An Aberdeen hospital has become the first in Scotland to carry out coronavirus tests – speeding up the time it takes to get results.
Up until now, people suspected of having Covid-19 would have to have a sample sent off to a lab in Glasgow or Edinburgh and wait up to two days for results – but Aberdeen Royal Infirmary can now get them within seven hours.
They use a machine from South Korea that can do 160 tests a day.
However, that is understood to be far fewer tests than is currently needed in the north-east.
NHS Grampian said it is expecting a second machine to arrive in the coming days – and will then be able to carry out up to 600 tests a day.
Doctors believe the machines will allow patients to be processed more quickly and take pressure off other services.
“Before Monday we were sending samples to the reference lab and there is a high turnaround time and time is wasted on transportation.
“That has all been cut off,” said Noha EL Sakka, NHS Grampian’s consultant and service clinical director for medical microbiology and virology.
She added: “The massive benefit of this is it cuts out a huge time lag and is easing pressure on our colleagues at the reference lab.
“We get results locally and faster and this is even more important with patients who require critical care.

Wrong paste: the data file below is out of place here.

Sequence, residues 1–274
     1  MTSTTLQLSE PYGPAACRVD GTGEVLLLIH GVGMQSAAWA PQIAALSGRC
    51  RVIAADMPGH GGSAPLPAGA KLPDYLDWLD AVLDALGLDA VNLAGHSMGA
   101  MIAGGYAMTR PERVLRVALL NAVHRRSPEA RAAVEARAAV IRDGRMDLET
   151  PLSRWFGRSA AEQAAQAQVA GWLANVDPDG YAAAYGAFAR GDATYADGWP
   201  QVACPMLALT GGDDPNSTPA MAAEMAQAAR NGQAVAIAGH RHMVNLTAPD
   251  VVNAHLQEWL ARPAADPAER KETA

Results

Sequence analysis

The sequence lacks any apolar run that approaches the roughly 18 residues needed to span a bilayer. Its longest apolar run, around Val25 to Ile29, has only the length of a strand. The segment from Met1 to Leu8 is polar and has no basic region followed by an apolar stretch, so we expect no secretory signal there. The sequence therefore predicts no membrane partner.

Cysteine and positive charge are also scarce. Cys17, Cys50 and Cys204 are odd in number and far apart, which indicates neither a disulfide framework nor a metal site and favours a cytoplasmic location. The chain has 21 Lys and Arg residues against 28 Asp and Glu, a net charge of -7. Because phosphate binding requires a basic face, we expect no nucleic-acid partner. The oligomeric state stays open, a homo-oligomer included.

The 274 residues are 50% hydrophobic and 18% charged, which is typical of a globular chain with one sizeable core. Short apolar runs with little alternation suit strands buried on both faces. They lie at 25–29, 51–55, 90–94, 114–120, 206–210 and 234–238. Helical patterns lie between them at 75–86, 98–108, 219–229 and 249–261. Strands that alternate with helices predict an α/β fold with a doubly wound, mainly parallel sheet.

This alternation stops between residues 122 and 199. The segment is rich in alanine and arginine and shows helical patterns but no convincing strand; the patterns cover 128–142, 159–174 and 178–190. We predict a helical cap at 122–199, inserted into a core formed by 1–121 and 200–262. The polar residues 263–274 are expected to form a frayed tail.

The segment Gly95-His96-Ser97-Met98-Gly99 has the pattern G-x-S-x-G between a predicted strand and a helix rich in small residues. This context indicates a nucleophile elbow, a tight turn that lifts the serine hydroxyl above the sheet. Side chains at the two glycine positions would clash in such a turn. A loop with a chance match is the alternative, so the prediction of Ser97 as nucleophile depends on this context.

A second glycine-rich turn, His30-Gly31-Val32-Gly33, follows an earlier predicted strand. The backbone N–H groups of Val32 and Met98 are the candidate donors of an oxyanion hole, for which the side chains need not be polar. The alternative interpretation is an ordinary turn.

“We have changed shift patterns to extend the coverage so we can report results late into the evening.
“That helps with patient flow – and that helps move pressure away from our frontline care teams.
“It cuts down on work for the lab with packaging and also in terms of reporting results too.
“It ensures we have a prompt and robust system for our patients in NHS Grampian.”
Fiona MacKenzie, Scottish microbiology and virology network manager based at ARI, added: “When the Covid-19 outbreak first emerged in Scotland and the UK, Glasgow and Edinburgh started testing for the whole of Scotland.
“It’s great news we’re able to do testing here but there has been a lot of work.”
Dr El Sakka said scientists from the north-east had travelled to the reference lab in the central belt to witness the testing process before introducing tests here.
She added: “For the lab to introduce the test we had to show that our lab, our staff and the skills we have were capable of producing an accurate result.
“We demonstrated that our samples were accurate. Then Health Protection Scotland was happy for us to start testing on our own from that point onwards.”
Dr El Sakka praised the ability and dedication of her colleagues to get the testing up and running swiftly in the north-east.
She said: “It’s a huge tribute to the dedication and skill of the team here in Grampian that we have got to this place so quickly.
“I’m so proud of the staff and the dedication they have and their commitment.”